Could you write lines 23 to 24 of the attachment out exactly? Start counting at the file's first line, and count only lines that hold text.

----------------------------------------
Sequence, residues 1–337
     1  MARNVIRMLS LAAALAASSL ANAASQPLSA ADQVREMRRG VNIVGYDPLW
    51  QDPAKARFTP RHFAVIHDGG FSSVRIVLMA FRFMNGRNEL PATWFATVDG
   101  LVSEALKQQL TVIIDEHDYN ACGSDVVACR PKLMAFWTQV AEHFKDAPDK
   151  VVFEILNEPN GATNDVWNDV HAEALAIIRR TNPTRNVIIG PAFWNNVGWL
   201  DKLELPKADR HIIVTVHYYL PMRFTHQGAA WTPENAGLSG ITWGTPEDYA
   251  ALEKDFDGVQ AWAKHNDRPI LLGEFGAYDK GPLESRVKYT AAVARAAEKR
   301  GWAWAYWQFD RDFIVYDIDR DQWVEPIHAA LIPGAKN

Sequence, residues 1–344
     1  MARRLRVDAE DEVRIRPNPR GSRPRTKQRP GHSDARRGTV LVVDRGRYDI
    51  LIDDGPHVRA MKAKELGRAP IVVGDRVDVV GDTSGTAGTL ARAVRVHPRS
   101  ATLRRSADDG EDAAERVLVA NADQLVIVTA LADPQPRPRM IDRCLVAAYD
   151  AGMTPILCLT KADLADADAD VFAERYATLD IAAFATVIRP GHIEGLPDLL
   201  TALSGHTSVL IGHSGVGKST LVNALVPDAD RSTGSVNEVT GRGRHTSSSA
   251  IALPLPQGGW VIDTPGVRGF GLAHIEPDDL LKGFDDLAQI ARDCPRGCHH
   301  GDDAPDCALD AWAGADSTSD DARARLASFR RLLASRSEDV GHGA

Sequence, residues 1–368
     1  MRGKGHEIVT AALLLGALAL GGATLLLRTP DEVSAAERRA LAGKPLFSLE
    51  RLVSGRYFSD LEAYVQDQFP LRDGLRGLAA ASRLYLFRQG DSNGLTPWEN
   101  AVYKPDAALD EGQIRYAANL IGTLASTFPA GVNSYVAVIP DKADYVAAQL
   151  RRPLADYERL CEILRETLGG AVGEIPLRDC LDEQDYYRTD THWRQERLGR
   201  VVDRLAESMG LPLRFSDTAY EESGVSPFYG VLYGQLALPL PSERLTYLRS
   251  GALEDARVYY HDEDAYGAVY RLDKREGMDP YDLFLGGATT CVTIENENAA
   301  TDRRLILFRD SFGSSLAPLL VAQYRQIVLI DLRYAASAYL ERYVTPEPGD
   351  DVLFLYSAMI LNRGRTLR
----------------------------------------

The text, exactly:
   251  GALEDARVYY HDEDAYGAVY RLDKREGMDP YDLFLGGATT CVTIENENAA
   301  TDRRLILFRD SFGSSLAPLL VAQYRQIVLI DLRYAASAYL ERYVTPEPGD